DIY Home Projects: Repairing Your Home Furnace

Posted by , on Dec, 2015

With winter approaching, the installation of home furnaces has become increasingly popular since they help to warm up a home during the winter months and are a great way for producing hot water. However, like all devices, even the most durable furnaces can break down. While some people opt to call the nearest furnace repair provider or even a plumber, others are choosing to repair their furnaces on their own. This is made easier by the sheer amount of information that is available online that gives people step-by-step instructions on how to perform repairs on their furnaces.

Common Problems
One of the most common problems home owners encounter when it comes to repairing their furnaces is pipe corrosion, which happens because of the regular wear and tear that a regularly used furnace undergoes. Replacing a pipe is actually quite easy, since all you need to do is remove the washers and connecting bolts. However, to prevent the problem from happening again in the future, it is highly recommended that you utilize a 310 stainless steel pipe as a replacement for the corroded one. 310 stainless steel pipes are ideal since they have a high nickel and chromium content which make them resistant to corrosion. These additives also make the pipe quite durable which makes them ideal for usage in your average home furnace.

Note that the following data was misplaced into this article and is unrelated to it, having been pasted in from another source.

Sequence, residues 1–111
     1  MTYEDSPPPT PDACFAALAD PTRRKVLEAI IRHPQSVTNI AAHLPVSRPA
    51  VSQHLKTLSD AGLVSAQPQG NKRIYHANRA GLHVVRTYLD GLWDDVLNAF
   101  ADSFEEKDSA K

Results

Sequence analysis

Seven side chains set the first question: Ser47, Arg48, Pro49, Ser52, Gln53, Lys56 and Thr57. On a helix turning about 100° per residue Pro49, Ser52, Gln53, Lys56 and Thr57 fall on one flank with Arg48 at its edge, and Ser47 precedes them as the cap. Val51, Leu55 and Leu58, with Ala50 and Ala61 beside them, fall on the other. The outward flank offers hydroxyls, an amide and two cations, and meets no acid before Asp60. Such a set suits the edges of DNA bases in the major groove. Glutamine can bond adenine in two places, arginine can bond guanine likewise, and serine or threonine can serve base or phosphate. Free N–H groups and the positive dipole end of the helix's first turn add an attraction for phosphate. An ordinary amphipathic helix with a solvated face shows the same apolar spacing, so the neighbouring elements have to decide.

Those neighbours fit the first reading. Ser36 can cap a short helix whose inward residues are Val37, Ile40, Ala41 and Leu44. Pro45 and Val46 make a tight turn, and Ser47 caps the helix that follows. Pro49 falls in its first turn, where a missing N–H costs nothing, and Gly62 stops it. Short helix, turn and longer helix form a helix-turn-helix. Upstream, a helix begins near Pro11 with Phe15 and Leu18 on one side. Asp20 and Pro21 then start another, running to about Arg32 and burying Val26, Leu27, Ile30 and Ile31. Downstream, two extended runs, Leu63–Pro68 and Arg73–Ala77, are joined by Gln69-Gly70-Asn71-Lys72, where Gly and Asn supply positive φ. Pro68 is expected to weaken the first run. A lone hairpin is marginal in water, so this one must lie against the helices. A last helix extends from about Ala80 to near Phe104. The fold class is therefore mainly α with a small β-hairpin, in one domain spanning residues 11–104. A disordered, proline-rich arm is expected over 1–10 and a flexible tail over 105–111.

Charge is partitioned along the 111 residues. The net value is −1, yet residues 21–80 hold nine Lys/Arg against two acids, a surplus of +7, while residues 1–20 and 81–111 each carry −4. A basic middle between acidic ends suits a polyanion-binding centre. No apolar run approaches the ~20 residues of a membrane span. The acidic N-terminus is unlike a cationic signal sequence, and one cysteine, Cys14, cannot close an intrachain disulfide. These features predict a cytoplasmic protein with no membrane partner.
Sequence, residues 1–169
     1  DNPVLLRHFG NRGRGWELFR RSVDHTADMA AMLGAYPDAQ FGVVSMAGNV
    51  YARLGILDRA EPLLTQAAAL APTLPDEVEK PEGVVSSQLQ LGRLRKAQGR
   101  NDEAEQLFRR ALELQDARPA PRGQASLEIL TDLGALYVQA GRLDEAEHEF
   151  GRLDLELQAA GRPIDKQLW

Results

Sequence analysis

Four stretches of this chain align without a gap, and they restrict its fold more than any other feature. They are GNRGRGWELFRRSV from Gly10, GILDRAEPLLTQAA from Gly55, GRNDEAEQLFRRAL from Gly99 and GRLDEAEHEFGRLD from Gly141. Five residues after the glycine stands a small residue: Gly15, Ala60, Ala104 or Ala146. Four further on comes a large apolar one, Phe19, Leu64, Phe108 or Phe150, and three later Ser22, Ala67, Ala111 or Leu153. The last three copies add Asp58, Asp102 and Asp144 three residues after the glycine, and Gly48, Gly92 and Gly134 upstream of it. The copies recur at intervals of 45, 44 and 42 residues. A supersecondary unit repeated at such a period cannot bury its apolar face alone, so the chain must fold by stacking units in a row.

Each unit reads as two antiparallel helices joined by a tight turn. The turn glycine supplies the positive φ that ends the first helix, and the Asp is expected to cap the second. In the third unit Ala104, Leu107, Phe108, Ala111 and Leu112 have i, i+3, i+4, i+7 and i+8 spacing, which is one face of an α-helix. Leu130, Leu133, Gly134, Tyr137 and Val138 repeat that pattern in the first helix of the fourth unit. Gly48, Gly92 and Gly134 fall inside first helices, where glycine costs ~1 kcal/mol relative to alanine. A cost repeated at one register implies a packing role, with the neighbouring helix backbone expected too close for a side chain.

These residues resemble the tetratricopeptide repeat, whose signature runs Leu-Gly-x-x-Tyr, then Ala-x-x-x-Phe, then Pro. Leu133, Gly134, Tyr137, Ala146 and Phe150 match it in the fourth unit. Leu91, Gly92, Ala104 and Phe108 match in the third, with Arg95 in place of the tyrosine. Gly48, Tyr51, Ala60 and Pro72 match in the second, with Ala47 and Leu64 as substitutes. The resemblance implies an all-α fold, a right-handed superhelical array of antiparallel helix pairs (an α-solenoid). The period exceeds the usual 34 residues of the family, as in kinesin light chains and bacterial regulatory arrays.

Recommended Procedures
Before starting on any form of repair on your furnace, there are certain procedures that you need to take note of. The first is that you need to check if the problem with your furnace is due to the pipes surrounding it and not necessarily the furnace itself. As mentioned earlier, corrosion is a problem that all furnace pipes experience which hampers the ability of the furnace to function. If the problem is merely the pipe, then dismantling the furnace is not necessary; rather, it would easier to just replace the pipe. When it comes to fixing the furnace, you need to make sure that it has been turned of for at least 10 hours prior to you working on it. Residual heat from an active furnace will remain for several hours after it has been turned off and this makes it dangerous to work on it directly unless you give it enough time to cool off.

Repairing your home furnace by yourself can save you a lot of money; however, be sure to take the necessary precautions when you do so.

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Posted by , on Dec, 2015

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